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Why You Can’t Stop Watching TikTok Cheating Content — And What It Might Mean For Your Relationship

Infidelity busting has gone viral, but it’s not all about the kindness of strangers.

In 2019, Elizabeth Gem had been dating a successful musician in L.A. for a year and a half when he left for an album-release party in New York City. During the event, he went live on Instagram, where he drunkenly ended up asking people to make out with him as Gem watched in disbelief from her Hollywood apartment. They broke up soon after, and Gem, traumatized, deleted Instagram for over a year.

While live-streaming your own infidelity is unusually careless, Gem’s experience of discovering cheating through social media is only becoming more commonplace. On TikTok, people share overheard conversations, a peep at a stranger’s phone on the bus, and even propose “loyalty tests” in which creators message your partner to test their faithfulness. But while these acts might seem like an extension of “girl code” — a set of unspoken rules that dictate that it’s your duty to let your friends know if they’re being played — in many cases, what passes for altruism is actually being mined for views, clout, and, sometimes, even money.

Abby Davis, a 24-year-old in Salt Lake City, Utah, first posted a TikTok offering to “DM your boyfriend” in July 2022 after discovering someone she was dating was talking to other women. Since then, Davis has had 150 to 180 viewers reach out asking her to contact their 20-something S.O.s and even their older husbands; all but three men have failed. Though Davis — who says she’s given up on dating completely — doesn’t charge, she’s already noticed other TikTokers commenting on her videos offering the same loyalty tests in exchange for cash. And as more creators catch on to the fact that mining heartbreak and relationship issues can result in virality, the exploitation of infidelity is only bound to increase.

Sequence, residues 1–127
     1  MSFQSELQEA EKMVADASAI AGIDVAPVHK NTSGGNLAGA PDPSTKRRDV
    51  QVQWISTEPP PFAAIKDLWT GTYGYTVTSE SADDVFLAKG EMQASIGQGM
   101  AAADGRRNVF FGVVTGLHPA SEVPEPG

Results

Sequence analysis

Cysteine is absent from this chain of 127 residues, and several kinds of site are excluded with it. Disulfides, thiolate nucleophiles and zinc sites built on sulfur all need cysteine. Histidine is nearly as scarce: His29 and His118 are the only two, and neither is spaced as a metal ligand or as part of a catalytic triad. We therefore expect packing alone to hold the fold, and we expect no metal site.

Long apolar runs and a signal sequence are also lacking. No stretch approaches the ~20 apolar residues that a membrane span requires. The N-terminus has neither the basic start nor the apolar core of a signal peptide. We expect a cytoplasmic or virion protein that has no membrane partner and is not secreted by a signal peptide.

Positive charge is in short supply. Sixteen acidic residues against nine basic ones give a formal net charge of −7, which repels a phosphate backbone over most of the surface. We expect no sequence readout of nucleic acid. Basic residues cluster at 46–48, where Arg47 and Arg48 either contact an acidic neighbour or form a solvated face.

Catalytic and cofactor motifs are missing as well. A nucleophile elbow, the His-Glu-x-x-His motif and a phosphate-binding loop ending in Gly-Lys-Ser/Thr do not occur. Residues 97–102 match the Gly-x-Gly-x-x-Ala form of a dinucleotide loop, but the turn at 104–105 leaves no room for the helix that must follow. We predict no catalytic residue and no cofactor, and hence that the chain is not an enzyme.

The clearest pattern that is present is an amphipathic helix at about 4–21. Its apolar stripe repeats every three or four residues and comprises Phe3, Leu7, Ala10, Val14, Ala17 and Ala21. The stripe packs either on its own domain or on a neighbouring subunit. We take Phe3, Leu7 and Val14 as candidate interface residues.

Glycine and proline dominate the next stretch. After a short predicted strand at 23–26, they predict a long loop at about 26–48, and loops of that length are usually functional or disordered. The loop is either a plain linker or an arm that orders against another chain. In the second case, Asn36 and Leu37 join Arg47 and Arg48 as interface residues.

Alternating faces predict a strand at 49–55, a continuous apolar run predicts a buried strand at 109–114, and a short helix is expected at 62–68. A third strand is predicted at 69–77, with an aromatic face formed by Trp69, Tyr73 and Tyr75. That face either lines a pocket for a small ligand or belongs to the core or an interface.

Why does this sort of content appeal to us? New York-based psychotherapist Rachel Wright says it basically comes down to nosiness. “We want to know because we’re looking through the lens of ‘What if this happens to me?’” she says. “We want to learn to help others and help ourselves.” But Wright says watching infidelity happen online might also reflect existing love-life issues: “If you’re worrying you’re going to be cheated on at all times, it may mean some healing needs to happen — whether that’s in the relationship or within yourself.”

If you’re worrying you’re going to be cheated on at all times, it may mean some healing needs to happen — whether that’s in the relationship or within yourself

What’s also missing, crucially, is a sense of tact: Privately letting someone know their partner is being unfaithful is very different from publicly posting a screenshot. That’s why Wright says there’s a strong argument for minding your business — and if you do feel compelled to share, questioning where your motivation is coming from.

The same skepticism and reflection are also in order even if you’re on the other side of the screen. It is becoming harder to distinguish between a stranger doing a good deed and trying to make it big online (or a quick buck) — but ultimately, if you’re inclined to trust a random TikToker more than you trust your partner, it might not be a loyalty test that you need, but an honest conversation.